So the Yankees were in 1st place in the American League Eastern Division on the 4th of July, a sunny Saturday in New York. And were at home. As God intended it.

Well, not totally as God intended it. It wasn't the old Yankee Stadium, and only 35,508 people showed up, leaving about 14,000 empty seats.

Michael Pineda took the mound. Took the hill. Toed the rubber. I love baseball jargon.

"Big Mike" -- not to be confused with yours truly, I'd like to think I'm important but I'm hardly big -- pitched 7 innings, allowing 2 runs on 5 hits and 2 walks, with 10 strikeouts. That should have been enough to allow the Yankee batters to win the game.

And it looked like it was. This time, it was the Yankees who struck for 2 runs in the 1st inning. The 1st 4 batters of the game: Gardner singled, Headley singled, A-Rod singled home Gardner, Teix hit a sacrifice fly to score Headley.

But Joe Girardi's musical-chairs approach to bullpen management canceled out Pineda's brilliance. He brought in Justin Wilson to pitch the 8th, and Wilson struck out the 1st 2 batters he faced. Presuming that relieving Pineda in the first place was the right idea (I'm not so sure it was, but you can't argue with Wilson's results), the next right idea would have been to leave Wilson in.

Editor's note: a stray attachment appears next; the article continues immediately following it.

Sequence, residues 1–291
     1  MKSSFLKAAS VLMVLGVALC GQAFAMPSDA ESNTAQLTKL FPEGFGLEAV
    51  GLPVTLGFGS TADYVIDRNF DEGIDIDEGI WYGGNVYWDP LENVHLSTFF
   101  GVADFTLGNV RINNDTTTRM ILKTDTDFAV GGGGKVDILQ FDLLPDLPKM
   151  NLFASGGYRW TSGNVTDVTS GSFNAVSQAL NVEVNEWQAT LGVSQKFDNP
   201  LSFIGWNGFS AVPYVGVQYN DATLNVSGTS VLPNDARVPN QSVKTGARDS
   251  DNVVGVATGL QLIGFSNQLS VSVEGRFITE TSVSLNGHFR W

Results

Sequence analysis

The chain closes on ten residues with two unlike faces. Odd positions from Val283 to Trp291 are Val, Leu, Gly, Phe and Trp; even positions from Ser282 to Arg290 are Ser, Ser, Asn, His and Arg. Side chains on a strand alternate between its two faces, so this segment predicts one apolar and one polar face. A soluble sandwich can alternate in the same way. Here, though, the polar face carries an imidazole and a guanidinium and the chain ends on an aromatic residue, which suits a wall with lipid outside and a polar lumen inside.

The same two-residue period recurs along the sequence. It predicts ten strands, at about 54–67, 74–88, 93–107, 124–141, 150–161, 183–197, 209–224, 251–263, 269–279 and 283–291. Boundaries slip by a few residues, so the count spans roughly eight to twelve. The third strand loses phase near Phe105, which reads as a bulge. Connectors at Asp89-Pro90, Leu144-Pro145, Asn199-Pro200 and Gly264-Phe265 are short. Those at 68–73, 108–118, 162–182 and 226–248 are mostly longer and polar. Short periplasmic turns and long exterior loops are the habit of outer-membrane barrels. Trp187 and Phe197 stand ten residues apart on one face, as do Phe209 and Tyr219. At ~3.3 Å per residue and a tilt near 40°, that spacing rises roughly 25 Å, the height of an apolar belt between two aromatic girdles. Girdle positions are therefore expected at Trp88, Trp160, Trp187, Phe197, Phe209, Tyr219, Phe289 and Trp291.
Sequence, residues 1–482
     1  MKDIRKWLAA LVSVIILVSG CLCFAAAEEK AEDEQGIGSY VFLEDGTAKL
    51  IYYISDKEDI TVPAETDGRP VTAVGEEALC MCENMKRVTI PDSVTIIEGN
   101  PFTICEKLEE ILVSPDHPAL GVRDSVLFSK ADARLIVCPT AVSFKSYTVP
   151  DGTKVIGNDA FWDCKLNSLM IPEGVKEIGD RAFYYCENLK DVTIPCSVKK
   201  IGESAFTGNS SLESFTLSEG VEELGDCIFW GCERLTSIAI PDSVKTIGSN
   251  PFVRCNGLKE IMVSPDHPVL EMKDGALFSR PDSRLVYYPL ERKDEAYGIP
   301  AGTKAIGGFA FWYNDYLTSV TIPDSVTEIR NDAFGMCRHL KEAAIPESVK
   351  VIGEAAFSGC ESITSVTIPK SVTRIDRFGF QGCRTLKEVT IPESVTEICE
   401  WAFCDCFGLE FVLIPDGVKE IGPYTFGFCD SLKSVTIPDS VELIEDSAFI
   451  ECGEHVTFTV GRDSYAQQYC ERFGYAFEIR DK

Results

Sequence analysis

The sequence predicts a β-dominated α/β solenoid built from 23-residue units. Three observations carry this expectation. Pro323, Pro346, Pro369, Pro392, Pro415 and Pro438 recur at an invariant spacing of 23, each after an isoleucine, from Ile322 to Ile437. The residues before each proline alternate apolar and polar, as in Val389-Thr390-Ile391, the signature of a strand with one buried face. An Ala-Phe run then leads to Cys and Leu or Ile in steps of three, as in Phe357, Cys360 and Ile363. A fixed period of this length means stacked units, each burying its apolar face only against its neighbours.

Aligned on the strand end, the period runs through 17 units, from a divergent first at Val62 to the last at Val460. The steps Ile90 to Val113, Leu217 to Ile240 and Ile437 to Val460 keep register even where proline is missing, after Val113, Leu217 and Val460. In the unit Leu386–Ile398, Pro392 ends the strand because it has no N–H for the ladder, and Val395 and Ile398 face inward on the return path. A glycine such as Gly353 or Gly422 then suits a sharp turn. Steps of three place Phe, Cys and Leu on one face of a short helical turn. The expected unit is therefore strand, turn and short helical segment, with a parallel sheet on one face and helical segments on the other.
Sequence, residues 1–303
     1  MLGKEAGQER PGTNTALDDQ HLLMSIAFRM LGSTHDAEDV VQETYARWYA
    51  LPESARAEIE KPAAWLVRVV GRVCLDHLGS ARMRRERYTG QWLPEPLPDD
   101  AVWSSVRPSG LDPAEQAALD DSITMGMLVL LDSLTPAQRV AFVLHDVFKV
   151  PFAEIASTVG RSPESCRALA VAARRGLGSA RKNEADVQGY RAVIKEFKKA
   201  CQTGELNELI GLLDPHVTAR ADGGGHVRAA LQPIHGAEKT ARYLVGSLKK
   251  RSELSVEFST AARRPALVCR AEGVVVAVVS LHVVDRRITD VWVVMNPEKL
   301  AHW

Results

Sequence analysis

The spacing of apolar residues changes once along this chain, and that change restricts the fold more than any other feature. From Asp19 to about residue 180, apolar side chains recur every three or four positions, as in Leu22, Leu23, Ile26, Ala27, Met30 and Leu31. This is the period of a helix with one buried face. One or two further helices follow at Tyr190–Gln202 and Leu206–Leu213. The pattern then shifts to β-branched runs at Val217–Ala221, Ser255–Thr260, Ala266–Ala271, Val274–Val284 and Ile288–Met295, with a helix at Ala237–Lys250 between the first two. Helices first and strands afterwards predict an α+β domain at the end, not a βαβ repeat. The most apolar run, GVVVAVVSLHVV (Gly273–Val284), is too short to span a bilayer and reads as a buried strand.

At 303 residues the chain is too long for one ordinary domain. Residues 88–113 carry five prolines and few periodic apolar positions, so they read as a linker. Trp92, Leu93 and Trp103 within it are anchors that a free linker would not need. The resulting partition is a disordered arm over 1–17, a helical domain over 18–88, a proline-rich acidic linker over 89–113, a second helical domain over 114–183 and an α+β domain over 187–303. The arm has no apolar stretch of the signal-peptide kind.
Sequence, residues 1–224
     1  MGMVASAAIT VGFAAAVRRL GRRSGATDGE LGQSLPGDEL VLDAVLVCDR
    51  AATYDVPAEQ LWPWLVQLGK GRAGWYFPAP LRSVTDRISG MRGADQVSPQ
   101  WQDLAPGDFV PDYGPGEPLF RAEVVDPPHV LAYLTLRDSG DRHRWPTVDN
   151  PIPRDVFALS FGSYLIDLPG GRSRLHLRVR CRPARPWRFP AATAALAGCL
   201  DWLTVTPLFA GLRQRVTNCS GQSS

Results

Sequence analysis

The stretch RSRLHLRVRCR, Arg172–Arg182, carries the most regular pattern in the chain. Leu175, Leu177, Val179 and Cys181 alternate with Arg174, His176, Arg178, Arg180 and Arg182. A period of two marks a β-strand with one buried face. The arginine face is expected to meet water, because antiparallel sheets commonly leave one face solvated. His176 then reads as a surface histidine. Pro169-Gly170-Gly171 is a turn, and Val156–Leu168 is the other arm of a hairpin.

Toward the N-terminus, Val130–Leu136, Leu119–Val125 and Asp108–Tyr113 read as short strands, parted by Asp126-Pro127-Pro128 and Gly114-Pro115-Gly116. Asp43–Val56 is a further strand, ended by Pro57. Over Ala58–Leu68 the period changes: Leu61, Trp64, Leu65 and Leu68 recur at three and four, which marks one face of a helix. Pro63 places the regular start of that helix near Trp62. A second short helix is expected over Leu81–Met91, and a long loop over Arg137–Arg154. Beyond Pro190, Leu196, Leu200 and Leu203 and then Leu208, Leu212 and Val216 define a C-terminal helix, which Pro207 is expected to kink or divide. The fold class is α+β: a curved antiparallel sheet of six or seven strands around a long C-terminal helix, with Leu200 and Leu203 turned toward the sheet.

Girardi didn't: He immediately brought in Dellin Betances for a 4-out save. At first, it worked: Betances got the last out in the 8th. But the 9th began with a James Loney single and a Steven Souza home run, and it was 2-2. Betances got the next 3 outs, including raising the Yankees' strikeout total on the day to 14. As Phil Rizzuto would have said, "But the damange is done. I tell ya, Murcer, it's unbelievable. Holy cow."

The specter of another extra-inning loss hung over the Yankees. But they refused to accept this. Teix doubled to lead off the bottom of the 9th. Young worked a walk to push the winning run to 2nd with nobody out.

The batter was rookie left field Ramon Flores. He tried to bunt the runners over, and hit a ground ball back to Rays reliever Brad Boxberger. Easy play, right? Wrong: Boxberger threw it away! Teix scored easily!

Yankees 3, Rays 2! WP: Betances (5-1) -- again, a winning pitcher who didn't really deserve it. No save. LP: Boxberger (4-4).

Back-to-back walkoffs over the Rays. Holiday fireworks on back-to-back days. I'm guessing Joe Maddon is glad to be managing the Chicago Cubs now, instead of the Rays, as he did from 2006 to 2014. (He might be the first man preferring to manage the Cubs over someone else.)